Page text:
Tuesday, April 22, 2014

There are bees, and then there are BEES!

Today, my boy informed me in no uncertain terms that I couldn't go to work BECAUSE OF THE BEES and instead should stay home and play.

Good advice, though I doubt my boss would buy what he's selling.

In any case, he's been a bit obsessed with bees lately because we took him strawberry picking a couple of weeks ago, and the lady who took our group to the assigned greenhouse made a big point of telling us that the cardboard box in the middle [1] was FULL OF BEES [2] and that if we disturbed it or swatted away any bees we might see we would be horribly stung [3], and probably die.[4]  

Seriously, rather than pointing out that the bees had to be there to ensure we had strawberries to pick and warning us that bees can sting if frightened so we shouldn't bother the hive or molest any bees we see, she chose to make it into a horror story.

I've done my best to undo the damage (bees help make strawberries, they make honey, they won't hurt you unless they think you're trying to hurt them, etc) but I confess my feelings are conflicted:

You see, I live in Japan where not only are there bees, but there are OH BY THE NAME OF ALL THAT IS HOLY - BEES!

OK, so they're hornets.  But still, the point is that they're actually dangerous[5].  Not only are they big, stinging insects (legitimately off-putting to any rational human being) but they're actively aggressive and known to not only attack but also kill people.  Look at what a slightly smaller relative sub-species in China did last fall.

Vespa mandarina japonica is, I believe, the largest of the bunch, and they are the target of quite intense public safety efforts when they're found in inhabited areas, particularly if those areas are near schools or other places where children play outside.  All through the warm months they forage voraciously, and when new queens reach maturity they set off to find places to nest, and little cracks and holes in the eaves of houses are notoriously popular.  Any area with a number of uninhabited houses will make local authorities nervous - with no one to notice when these monsters are taking an interest, there's no telling how big a nest might get before it's detected - and eliminating a nest of hundreds is a major undertaking requiring serious equipment.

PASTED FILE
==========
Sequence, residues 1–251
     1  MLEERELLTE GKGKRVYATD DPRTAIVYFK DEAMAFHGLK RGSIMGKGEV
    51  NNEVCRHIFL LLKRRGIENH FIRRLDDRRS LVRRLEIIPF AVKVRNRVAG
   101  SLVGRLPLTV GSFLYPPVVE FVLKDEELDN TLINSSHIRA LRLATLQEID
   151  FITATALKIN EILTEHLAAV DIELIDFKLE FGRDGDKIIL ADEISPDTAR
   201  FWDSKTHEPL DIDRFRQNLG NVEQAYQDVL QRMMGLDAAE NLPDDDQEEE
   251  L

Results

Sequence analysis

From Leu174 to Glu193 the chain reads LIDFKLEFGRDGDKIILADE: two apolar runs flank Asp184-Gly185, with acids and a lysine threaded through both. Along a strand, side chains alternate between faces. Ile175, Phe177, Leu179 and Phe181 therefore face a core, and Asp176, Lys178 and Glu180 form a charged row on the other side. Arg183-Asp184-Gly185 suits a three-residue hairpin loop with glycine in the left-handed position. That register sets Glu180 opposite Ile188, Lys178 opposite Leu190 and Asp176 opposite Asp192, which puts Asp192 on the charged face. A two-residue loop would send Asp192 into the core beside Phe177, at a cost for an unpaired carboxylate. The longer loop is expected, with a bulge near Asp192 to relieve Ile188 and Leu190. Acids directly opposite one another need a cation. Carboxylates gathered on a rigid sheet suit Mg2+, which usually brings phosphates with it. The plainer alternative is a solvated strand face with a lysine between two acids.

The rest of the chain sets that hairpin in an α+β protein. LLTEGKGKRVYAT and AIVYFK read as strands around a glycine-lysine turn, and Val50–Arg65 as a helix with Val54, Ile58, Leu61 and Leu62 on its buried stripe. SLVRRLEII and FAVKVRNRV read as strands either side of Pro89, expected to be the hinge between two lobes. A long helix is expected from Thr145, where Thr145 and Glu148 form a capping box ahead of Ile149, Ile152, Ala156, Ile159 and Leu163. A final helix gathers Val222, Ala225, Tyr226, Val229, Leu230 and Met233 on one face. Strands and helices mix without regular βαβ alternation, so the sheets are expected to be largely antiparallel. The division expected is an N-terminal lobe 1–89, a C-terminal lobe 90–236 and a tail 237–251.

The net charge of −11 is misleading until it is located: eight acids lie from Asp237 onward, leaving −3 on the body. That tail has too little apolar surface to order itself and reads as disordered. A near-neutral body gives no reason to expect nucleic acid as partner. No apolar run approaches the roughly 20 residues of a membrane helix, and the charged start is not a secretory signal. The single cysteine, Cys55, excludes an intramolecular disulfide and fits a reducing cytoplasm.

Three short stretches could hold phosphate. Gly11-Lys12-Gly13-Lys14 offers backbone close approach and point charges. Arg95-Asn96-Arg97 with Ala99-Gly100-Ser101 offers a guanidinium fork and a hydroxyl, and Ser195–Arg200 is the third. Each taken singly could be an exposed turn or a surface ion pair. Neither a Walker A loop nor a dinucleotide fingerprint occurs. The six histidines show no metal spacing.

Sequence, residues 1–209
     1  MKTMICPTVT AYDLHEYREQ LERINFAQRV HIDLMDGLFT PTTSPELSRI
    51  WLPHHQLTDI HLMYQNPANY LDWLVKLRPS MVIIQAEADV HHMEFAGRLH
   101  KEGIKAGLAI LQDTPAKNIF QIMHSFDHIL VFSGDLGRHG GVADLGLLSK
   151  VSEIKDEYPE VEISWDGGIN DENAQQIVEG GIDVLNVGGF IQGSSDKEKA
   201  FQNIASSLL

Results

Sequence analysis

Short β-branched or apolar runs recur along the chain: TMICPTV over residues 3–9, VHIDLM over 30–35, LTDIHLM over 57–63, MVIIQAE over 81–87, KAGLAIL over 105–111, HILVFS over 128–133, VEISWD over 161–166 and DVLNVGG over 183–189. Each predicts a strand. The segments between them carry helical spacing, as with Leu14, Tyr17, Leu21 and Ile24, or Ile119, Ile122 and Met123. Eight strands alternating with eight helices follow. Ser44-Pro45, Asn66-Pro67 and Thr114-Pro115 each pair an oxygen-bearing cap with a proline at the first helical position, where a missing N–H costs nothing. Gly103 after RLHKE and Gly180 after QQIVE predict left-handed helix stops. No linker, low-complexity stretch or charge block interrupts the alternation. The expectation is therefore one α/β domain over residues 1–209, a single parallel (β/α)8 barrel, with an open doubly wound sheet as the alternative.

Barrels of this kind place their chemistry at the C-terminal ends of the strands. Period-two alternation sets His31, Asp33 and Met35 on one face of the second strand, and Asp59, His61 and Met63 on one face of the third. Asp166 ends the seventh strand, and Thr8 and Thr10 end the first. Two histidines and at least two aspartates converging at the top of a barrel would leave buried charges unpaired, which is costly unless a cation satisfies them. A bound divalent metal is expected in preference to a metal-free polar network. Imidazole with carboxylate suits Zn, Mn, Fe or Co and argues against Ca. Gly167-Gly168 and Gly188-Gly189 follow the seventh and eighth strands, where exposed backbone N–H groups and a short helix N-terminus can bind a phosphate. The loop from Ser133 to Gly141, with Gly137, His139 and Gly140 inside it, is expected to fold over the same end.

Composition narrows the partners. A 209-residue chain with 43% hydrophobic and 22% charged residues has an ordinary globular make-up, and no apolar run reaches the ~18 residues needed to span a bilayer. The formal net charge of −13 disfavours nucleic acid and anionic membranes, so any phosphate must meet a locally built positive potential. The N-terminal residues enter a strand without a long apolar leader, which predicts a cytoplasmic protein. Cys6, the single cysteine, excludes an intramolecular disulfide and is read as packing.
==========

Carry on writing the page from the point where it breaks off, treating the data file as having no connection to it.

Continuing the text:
Anyway, thus my conflicted feelings.

On the one hand, I would like him to see videos like this one and say "cool!" rather than have nightmares.

On the other hand, he's too young to really understand that some bees are OK to watch and others demand a quick retreat to safety.

To make things even more tricky?  A history of bee sting allergy in the family.

Though honestly, after getting injected with a cocktail of haemolytic and neurotoxic venom by a hornet this size allergies are not an issue.  Single stings have been known to kill, and the best case scenario is that the sting will feel like a hot nail being driven into your flesh. [6]

Yeah, I'm happy to class the risk of occasional bee-stings as part of growing up, but the risk of having a hot nail driven into you and then dying is not really something kids should have on their already-busy injury schedule.

So, now to think of ways to explain bees in a bee-friendly way while still instilling a healthy terror of respect for giant hornets.

1.  a portable hive for pollination.  Most Japanese fruit growers don't have the luxury of keeping large numbers of bees, and natural pollination isn't sufficient.  Those with greenhouse operations (strawberries and other berries) often use these portable hives to introduce a captive population into a closed area.  Outdoor operations (apples, pears) typically use collected pollen and do it by hand.  Yes, every year Japanese farmers hire armies of middle-aged women to have sex with trees.  And yet GMOs are banned.

2. Her emphasis.

3. Her words.

4. This exaggeration is all mine.

5. Remember the movie Swarm? Yeah, these bad boys girls make "africanized honey bees" look kind of tame in comparison.

6. No, really, scientific eye-witness account: http://news.nationalgeographic.com/news/2002/10/1025_021025_GiantHornets.html

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